Superstitions are signs of our weakness. A weak man is always fearful. He can be easily fooled and exploited. Such a person performs many ceremonies, rituals which are really harmful. To remove superstitions, people should be educated. Literacy is essential to eradicate superstitions. With the spread of science, reasoning and scientific temper superstitions can be easily overcome. Our belief in God and in religion should be strong. We must follow teachings of Islam strictly.

Some Superstitions in Pakistan Essay (400 Words)

“Superstition” means unreasonable belief or practice resulting from ignoránce or fear of the unknown. When people believe that hidden powers can bring about changes in nature and society, they are superstitious. Superstitions are, in fact, based on belief in the power of magic and invisible forces as spirits and devils. It is strange that even in the new millennium there are people who believe that spirits and ghosts can bring about changes in nature and in our lives. Such people are commonly found in the villages and small towns of the Third-World countries like ours. The common sight of illiterate or semi-literate people approaching “pirs” and “fakirs” for having wonders done is enough to prove how much superstitions have a hold on us.”

Quite a few people in the East and the West believe in dreams. Apart from psychological meanings, dreams do not have any definite messages. However, when superstitious people have dreams of hidden powers, angels, devils or unusual forces, they begin giving them special meanings. For example, a person of this kind says, “ I am doing this because I was instructed in a dream by a power to do so.”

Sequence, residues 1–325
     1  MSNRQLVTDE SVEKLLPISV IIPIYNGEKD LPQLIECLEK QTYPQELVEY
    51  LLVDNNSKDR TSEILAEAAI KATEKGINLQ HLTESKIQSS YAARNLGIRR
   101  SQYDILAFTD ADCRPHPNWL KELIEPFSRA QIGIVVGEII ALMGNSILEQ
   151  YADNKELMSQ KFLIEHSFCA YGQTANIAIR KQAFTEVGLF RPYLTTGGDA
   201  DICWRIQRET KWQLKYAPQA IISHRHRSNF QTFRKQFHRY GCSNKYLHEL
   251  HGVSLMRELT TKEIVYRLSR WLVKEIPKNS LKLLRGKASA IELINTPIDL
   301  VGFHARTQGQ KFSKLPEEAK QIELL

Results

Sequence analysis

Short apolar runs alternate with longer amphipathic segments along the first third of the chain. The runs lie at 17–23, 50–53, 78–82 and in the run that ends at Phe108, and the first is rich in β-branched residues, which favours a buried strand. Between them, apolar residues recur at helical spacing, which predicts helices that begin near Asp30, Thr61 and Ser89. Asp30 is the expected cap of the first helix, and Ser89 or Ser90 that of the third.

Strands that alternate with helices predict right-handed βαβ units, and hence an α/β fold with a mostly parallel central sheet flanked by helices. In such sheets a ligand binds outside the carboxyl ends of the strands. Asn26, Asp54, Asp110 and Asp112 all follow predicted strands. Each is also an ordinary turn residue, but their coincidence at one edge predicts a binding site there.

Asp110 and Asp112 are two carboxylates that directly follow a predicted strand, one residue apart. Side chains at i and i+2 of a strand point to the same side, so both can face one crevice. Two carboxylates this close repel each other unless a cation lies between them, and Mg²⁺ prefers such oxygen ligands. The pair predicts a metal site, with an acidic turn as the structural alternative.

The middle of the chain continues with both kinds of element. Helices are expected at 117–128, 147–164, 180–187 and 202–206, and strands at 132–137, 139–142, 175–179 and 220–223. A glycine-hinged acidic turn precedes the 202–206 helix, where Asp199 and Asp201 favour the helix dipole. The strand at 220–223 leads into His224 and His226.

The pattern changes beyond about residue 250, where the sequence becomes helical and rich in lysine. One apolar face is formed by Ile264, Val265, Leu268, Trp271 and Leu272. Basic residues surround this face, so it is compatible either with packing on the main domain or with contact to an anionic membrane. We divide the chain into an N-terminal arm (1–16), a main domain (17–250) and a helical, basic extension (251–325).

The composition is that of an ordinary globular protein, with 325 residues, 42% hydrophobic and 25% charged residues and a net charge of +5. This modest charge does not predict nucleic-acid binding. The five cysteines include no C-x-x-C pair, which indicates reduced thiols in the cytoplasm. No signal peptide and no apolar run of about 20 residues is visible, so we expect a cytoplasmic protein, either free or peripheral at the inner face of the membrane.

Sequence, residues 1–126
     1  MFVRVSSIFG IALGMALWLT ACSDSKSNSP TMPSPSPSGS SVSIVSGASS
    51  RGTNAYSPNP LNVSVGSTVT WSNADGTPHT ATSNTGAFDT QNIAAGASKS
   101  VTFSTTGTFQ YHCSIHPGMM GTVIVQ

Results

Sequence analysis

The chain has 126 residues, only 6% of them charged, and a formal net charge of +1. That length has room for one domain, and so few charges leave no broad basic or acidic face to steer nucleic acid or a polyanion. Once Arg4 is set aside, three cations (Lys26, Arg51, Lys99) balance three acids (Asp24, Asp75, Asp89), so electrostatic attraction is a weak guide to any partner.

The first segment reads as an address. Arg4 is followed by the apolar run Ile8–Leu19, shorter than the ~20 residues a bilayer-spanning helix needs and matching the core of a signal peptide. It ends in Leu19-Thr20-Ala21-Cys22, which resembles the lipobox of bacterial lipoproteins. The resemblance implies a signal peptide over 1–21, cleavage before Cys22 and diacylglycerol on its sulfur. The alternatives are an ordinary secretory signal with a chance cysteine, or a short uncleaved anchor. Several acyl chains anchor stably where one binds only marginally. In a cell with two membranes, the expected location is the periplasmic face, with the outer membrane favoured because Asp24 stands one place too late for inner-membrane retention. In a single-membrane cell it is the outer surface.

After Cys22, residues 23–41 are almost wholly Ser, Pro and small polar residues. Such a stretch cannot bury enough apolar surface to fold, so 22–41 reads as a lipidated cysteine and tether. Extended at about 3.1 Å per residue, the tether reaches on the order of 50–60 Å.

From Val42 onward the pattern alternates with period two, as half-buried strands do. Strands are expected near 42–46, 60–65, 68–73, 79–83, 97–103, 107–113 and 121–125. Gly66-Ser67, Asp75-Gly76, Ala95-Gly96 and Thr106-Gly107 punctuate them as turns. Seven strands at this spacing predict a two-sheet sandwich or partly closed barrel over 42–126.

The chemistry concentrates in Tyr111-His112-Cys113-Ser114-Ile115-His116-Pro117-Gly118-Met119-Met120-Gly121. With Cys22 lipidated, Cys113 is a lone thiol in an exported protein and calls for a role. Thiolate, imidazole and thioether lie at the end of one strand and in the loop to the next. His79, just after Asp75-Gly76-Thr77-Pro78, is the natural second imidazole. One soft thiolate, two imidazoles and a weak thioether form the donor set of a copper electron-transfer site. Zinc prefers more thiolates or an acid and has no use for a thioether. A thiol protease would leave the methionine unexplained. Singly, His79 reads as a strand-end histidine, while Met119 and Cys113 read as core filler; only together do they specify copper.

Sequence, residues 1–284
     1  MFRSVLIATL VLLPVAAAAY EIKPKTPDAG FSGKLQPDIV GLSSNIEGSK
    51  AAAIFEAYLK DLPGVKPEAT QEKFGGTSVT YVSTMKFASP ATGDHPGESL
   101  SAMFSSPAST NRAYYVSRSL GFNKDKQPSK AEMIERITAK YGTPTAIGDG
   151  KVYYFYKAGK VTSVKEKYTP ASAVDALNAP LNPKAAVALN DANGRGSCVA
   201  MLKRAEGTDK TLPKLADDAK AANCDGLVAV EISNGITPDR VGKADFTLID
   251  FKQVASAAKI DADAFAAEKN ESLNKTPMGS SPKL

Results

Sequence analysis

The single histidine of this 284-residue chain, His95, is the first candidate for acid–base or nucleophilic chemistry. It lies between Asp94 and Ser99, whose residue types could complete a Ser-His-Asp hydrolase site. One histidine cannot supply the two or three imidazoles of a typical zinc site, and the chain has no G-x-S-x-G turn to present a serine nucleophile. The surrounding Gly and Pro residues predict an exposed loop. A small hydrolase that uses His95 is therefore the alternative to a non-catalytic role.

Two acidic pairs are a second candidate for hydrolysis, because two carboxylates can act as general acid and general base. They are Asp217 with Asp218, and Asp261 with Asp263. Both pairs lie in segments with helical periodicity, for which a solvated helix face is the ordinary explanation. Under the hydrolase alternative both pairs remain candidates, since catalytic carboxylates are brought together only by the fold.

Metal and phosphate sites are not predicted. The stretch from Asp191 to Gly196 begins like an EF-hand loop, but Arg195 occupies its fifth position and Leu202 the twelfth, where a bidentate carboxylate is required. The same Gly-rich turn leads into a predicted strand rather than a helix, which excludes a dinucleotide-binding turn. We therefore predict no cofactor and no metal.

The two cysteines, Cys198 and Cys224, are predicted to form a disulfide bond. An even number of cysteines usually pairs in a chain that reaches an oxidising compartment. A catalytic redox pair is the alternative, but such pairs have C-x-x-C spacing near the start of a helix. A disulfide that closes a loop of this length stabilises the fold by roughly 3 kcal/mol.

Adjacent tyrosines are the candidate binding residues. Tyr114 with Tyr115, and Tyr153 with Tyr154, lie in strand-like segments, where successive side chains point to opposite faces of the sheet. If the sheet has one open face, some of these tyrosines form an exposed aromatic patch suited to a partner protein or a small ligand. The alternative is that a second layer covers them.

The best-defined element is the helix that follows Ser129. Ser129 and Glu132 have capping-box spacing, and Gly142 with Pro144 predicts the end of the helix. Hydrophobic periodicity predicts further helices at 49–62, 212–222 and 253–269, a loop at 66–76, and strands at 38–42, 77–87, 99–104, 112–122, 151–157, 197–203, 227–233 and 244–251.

Strange superstitions exist in the minds of our uneducated and semi-educated village and town folk in connection with charms, talismans and food and animal or bird parts. They result in the tragedy at times. A report narrates that a housewife, Yasmin, mixed the owl’s tongue and charms with the food of her husband to bring him to destruction (disaster) when she was carrying on affairs with other men.

This very woman divided a loaf of bread into several parts each morning, wrote magic figures in them and threw them to a mad dog. The result of these superstitious exercises shocked everyone when she lost her mental balance and threw herself before a running train.

On the whole, the West has given up lots of harmful superstitions like the ones connected with charms, talismans, and shrines. It is because of education and mental training of the masses (common people). Most of the uneducated and less-educated East is, in the grip. of harmfully useless, superstitions. It is high time the people woke up to the realities of life and possibilities of success that demand a scientific attitude and understanding.